A month or so ago, I had the misfortune of sitting through a horrendous film called 2 Hearts, a soggy and manipulative inspiration-porn weepie that made my want to claw my own eyes out with a soup spoon just to have something else to think about. Because of this, I entered All My Life with some trepidation.
Jessica Rothe (the Happy Death Day films) and Harry Shum, Jr (Crazy Rich Asians) star in the “true story” of Jenn and Sol, a perfect pair who fall head over heels in love. But when Sol starts feeling intense stomach pain in the middle of the night, he is rushed to the hospital and diagnosed with liver cancer. Sol battles the illness with Jenn at his side, but in December of that year, he is given the diagnosis of six months to live, making their plans for a summer wedding impossible. In a race against time, Jenn and Sol’s friends launch an online fundraiser for $25,000 to help the couple create their dream wedding in just two weeks. In the process, people around the world unleash an outpouring of generosity and attention.
Director Marc Meyers (My Friend Dahmer, We Summon The Darkness) may seem like an odd choice to direct such a film, but if you look over his filmography, he has at least as much experience with this sort of cornball melodrama as he does with the dark and disturbing. Overall, I found All My Life to be surprisingly easy to watch, but that should not be confused with a recommendation. It’s a little like successfully eating something for the first time after the flu: Just because I didn’t vomit doesn’t mean it was a memorable experience. It’s a lot better than 2 Hearts, but I wouldn’t go so far as to call it good. The problem is that it’s such a simplified, phony version of the story that it feels more like a chain email, a meme or even a commercial for GoFundMe than it does a movie. And apparently, Jenn and—especially—Sol were hatched from pods, because there’s absolutely no indication that either of these two have relatives of any kind, which really jumps out at you because Sol is the only noticeably Asian person in the film.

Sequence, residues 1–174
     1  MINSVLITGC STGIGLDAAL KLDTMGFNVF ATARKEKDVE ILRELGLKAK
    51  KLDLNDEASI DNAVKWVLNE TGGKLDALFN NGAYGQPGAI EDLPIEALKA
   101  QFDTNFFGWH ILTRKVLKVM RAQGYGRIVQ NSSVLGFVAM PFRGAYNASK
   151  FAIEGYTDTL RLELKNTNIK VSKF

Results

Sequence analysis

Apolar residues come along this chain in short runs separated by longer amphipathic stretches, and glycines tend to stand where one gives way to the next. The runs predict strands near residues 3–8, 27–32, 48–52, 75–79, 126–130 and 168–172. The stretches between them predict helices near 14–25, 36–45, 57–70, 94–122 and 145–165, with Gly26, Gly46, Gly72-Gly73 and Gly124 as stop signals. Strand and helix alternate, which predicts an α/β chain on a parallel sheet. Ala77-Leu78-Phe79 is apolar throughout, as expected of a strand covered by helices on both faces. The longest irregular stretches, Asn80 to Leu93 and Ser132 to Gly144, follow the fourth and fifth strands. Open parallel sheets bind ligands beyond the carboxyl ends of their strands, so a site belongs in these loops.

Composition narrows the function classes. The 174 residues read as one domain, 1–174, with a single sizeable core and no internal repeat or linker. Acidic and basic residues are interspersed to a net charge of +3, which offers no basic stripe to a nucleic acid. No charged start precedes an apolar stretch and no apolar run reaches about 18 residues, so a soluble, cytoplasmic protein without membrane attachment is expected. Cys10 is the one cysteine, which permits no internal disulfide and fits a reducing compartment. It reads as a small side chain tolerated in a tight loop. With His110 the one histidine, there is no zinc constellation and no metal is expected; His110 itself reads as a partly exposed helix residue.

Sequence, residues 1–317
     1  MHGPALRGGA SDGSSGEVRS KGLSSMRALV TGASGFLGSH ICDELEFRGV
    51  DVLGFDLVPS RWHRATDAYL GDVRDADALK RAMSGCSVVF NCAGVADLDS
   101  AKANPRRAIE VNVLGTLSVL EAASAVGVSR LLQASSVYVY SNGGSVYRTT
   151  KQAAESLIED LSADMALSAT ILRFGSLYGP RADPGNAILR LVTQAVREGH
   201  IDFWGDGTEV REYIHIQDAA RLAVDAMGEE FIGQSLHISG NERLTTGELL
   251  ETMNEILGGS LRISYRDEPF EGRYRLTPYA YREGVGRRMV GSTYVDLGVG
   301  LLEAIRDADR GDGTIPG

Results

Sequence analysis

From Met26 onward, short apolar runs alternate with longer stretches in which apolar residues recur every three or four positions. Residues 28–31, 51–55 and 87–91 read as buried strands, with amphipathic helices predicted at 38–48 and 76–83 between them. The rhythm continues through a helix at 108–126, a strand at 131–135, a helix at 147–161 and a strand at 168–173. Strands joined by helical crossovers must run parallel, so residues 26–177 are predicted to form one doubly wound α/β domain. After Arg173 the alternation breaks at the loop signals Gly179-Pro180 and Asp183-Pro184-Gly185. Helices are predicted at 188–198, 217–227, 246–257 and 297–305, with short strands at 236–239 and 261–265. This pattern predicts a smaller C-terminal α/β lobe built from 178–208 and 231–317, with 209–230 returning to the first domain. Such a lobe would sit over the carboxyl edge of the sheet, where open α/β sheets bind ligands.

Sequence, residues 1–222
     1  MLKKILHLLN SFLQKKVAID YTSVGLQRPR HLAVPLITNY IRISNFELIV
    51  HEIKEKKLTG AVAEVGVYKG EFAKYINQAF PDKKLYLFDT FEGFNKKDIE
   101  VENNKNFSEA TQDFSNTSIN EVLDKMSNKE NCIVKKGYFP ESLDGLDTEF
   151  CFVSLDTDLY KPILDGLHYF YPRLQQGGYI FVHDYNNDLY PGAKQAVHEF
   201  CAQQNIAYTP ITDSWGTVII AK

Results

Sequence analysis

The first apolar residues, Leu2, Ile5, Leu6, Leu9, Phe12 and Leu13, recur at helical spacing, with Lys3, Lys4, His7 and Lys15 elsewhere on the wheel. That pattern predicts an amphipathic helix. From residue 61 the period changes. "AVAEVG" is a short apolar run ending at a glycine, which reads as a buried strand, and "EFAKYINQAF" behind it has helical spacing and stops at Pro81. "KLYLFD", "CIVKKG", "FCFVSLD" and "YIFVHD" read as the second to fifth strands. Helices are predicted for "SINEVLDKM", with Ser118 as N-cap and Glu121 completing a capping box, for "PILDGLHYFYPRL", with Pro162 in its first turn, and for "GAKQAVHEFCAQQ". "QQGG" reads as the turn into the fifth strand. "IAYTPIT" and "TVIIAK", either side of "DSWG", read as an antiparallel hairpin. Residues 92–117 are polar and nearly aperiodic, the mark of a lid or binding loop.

The couple’s circle of friends plays like a focus group was assigned to watch TV until they saw enough examples of young people socializing with each other to be able put together a reasonable facsimile, complete with the one token but utterly generic black friend (Jay Pharoah, Saturday Night Live) and the bearded lady from The Greatest Showman. The latter isn’t given a character, per se, but is introduced just early enough that when she sings at the wedding we say, “Oh, that’s why she’s in this” instead of asking how much of the $25,000 went to booking Keala Settle as the entertainment, or wondering how much more Bette Midler would have cost.